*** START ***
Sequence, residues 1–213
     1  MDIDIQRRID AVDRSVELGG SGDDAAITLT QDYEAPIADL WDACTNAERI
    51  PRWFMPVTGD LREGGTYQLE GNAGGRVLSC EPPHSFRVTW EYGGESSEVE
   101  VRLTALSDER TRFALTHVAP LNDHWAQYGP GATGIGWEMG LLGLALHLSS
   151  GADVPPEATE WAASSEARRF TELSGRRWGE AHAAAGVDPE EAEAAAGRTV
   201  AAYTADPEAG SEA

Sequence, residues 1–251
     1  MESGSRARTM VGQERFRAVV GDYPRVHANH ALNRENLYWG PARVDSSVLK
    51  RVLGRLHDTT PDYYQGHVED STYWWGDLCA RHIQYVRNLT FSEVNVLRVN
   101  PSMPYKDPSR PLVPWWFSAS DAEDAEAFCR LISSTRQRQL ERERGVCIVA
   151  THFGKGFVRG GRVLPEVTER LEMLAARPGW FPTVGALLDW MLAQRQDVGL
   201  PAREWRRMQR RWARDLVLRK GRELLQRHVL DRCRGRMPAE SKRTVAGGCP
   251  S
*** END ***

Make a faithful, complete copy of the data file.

Sequence, residues 1–213
     1  MDIDIQRRID AVDRSVELGG SGDDAAITLT QDYEAPIADL WDACTNAERI
    51  PRWFMPVTGD LREGGTYQLE GNAGGRVLSC EPPHSFRVTW EYGGESSEVE
   101  VRLTALSDER TRFALTHVAP LNDHWAQYGP GATGIGWEMG LLGLALHLSS
   151  GADVPPEATE WAASSEARRF TELSGRRWGE AHAAAGVDPE EAEAAAGRTV
   201  AAYTADPEAG SEA

Sequence, residues 1–251
     1  MESGSRARTM VGQERFRAVV GDYPRVHANH ALNRENLYWG PARVDSSVLK
    51  RVLGRLHDTT PDYYQGHVED STYWWGDLCA RHIQYVRNLT FSEVNVLRVN
   101  PSMPYKDPSR PLVPWWFSAS DAEDAEAFCR LISSTRQRQL ERERGVCIVA
   151  THFGKGFVRG GRVLPEVTER LEMLAARPGW FPTVGALLDW MLAQRQDVGL
   201  PAREWRRMQR RWARDLVLRK GRELLQRHVL DRCRGRMPAE SKRTVAGGCP
   251  S